“Do those barriers, ultimately, result in additional dollars spent on a claim?” she asked.
Cumbermack thinks so. For example, interpreter and transportation costs “are disproportionately required on cases where the claimant is Hispanic or from a different socioeconomic class, which tend to be more so minority,” she added.
Similarly, stalled mediations due to cultural misunderstandings can result in increased claim costs.
“Sometimes, there are subtle cultural clues that people wouldn’t pick up unless you are from that culture,” said Burrell.
One aspect of the claims resolution process that will soon see data tracking is the use of mediators and arbitrators in insurance-related matters. Insurers, bar associations and ADR services will collaborate on research to develop benchmarks to track progress of the D&I initiative, expected to launch in September.
For insurers who participate, Daly explained, staff and outside counsel—upon the conclusion of a case—will complete a form relaying how often a candidate from a diverse background was selected as a mediator or arbitrator. The form will be sent to a DRI-hosted databank, where the data will be collected and interpreted with the assistance of Maria Volpe, a sociology professor at John Jay College of Criminal Justice in New York, who has written extensively on the lack of quantifiable data associated with D&I in the ADR process.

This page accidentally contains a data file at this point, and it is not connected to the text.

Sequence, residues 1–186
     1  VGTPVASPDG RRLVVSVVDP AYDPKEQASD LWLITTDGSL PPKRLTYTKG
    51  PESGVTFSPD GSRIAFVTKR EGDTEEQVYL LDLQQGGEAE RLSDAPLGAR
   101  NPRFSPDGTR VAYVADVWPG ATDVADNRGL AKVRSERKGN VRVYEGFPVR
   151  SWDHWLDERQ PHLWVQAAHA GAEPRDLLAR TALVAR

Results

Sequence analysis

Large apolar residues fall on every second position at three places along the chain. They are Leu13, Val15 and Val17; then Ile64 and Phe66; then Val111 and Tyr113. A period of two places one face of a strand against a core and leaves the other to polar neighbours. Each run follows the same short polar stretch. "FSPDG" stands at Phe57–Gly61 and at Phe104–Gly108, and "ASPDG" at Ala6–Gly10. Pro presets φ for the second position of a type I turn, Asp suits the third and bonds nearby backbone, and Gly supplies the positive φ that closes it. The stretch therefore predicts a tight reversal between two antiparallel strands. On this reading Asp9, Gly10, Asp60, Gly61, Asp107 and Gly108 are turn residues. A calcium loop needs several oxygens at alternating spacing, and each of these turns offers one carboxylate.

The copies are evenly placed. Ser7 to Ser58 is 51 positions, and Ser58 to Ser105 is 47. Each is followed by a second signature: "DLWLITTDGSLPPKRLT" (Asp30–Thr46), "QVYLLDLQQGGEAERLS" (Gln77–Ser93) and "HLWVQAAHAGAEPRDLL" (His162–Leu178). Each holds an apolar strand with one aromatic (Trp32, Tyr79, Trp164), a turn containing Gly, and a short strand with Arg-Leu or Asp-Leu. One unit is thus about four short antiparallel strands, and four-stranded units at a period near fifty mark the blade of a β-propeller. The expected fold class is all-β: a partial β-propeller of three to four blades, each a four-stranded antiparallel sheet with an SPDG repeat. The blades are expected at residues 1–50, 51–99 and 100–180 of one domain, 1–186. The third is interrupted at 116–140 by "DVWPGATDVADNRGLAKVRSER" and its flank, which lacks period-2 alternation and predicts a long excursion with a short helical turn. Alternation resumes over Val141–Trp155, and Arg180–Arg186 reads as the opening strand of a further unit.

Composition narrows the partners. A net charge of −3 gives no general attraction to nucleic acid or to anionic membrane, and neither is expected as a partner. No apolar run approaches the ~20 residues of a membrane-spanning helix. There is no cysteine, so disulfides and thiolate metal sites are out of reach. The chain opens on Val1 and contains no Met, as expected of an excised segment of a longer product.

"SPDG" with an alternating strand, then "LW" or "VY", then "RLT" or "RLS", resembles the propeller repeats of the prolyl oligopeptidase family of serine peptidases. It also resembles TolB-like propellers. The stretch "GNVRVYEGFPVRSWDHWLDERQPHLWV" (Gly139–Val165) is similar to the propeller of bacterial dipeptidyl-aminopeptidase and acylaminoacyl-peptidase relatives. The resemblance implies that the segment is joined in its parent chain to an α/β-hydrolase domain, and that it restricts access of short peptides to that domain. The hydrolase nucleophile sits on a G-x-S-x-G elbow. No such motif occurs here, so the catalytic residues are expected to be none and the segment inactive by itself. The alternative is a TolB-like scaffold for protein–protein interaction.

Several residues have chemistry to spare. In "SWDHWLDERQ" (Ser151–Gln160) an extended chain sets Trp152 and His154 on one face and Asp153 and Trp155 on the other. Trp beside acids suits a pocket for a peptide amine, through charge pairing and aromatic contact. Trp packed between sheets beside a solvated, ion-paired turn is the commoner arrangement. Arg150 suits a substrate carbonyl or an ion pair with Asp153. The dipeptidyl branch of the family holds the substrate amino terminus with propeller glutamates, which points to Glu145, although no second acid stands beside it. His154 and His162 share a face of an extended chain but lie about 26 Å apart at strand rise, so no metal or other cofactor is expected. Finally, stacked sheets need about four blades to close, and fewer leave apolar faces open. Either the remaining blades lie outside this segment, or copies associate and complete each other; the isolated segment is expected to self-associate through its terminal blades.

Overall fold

By fourth-quarter 2021, data will begin being collected by participating insurers and law firms, Daly said, adding that by the end of 2022, a report on the findings will be generated with an expectation the data will continue being collected and analyzed annually. An insurer can request its own data in order to benchmark itself against the aggregated database for the industry as a whole.
“No one will have access to individual company data other than the individual company itself,” he added.
According to Kwok, knowing the statistics will help drive change. “Having all of the different stakeholders together figuring out how do we collect data, how do we make it productive, how do we encourage diversity in a way that we can all be winners at the table is the goal,” he said.
Awareness and Education Crucial
Experts agree awareness is key.
“The claims adjuster and the injured worker’s connection, in my opinion, is the most important, second only to that injured worker’s connection with their employer—how they connect with that claimant, how they perceive that claimant, how they believe that claimant,” Cumbermack said.